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Appendix D. LinuxPPC: Installing Linux on PowerPC Computers

By Jason Haas

Linux/PPC is the native port of the Linux operating system to the PowerPC processor. The effort to port Linux to PowerPC began in 1995 by Gary Thomas, and Australian developer Paul Mackerras initiated work on porting Linux to the Power Macintosh hardware. Linux now runs on almost every implementation of the PowerPC processor, including the 60x and 750, and the less-known 840 and 860 processors.

While the Linux port itself is called Linux/PPC (note the slash in the name), the most popular distribution, and the company maintaining the distribution, are called LinuxPPC (no slash). In this appendix, I provide information about the general port as much as possible, but some details will change in the next release (5.0) of LinuxPPC in any case.

Linux on PowerPC has become popular in the past two years as Mac OS users have started to search for alternatives to the Mac OS. For one thing, it's fast. When people install Linux, they're amazed at how fast their Macs really are. Linux can turn an old PowerMac 7500 into a responsive and capable machine, and it really unleashes 604 and 750 (G3) machines. It's also quite stable. When a Linux application crashes, it doesn't crash the OS as well.

And then there's multitasking. Linux can run a lot of programs at the same time and not slow down. When you click on a menu in the Mac OS, everything stops until you release the mouse button. The Mac OS can't do anything but draw that menu. A Mac OS-based web server that I used to administer was disabled overnight because of this. When the mouse button was unstuck the next morning, the server promptly crashed when the listserver tried to process all of the backlogged email messages that had accumulated overnight. All this because of the mouse button being stuck! (Linux has no such problems with the mouse buttons.)

Another excellent example of the benefits of Linux multitasking: Photoshop can run only one filter at a time. And the whole Mac is tied up in running the filter. LinuxPPC ships with a Photoshop-like graphics application called The GIMP. Unlike Photoshop, GIMP can execute several filters simultaneously, and you can switch to other applications and keep working while GIMP runs the filters. (You can even hold down the mouse button.)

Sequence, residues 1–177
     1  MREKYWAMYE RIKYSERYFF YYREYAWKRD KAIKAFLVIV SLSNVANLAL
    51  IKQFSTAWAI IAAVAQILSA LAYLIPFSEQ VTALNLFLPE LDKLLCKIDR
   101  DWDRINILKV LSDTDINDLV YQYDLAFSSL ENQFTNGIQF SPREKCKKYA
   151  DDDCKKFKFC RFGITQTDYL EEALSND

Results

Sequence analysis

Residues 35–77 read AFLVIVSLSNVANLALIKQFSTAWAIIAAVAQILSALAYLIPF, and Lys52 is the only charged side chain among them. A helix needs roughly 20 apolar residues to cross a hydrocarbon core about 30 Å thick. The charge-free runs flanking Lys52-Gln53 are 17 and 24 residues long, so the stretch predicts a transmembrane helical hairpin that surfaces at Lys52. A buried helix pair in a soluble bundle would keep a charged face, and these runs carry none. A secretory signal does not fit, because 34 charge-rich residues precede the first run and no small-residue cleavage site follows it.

The most popular distribution for the PowerPC is called LinuxPPC (without the slash), which is developed and sold by LinuxPPC, Inc. You can order LinuxPPC on CD-ROM from http://www.linuxppc.org.

Another Linux distribution that is popular among very advanced Linux users is called Debian. The Debian for the PowerPC distribution is not as polished as the LinuxPPC Inc. distribution and is not available on CD-ROM. However, users who are familiar with Debian for other platforms may wish to use it. The Debian GNU/Linux web site, http://www.debian.org /ports/powerpc/, should provide up-to-date information about the status of the Debian project. The instructions for installing Debian GNU/Linux on top of a base LinuxPPC are available from:

http://www.dartmouth.edu/cgibin/cgiwrap/jonh/lppc/faq.pl?file=572
LinuxPPC Inc. is an active supporter of the Debian project and has contributed hardware to the Debian organization.

LinuxPPC Inc. has developed a demonstration version of LinuxPPC that can be booted straight from the Mac OS. This version, called LinuxPPC Live, is a 105 MB version of LinuxPPC and doesn't require any installation or configuration on the part of the user. To download LinuxPPC Live, see the list of mirror sites at http://www.linuxppc.org /mirrors.shtml.

D.1. Compatible Hardware

LinuxPPC runs on any PCI-based Power Macintosh, which includes the iMac, the PowerMac G3, and the PowerBook 3400 and G3 models. As of this writing, the iMac is a little difficult to get Linux running on. Special iMac installation instructions are at http://www.linuxppc.org/iMac/. We hope the upcoming LinuxPPC 5.0 will have better iMac support.



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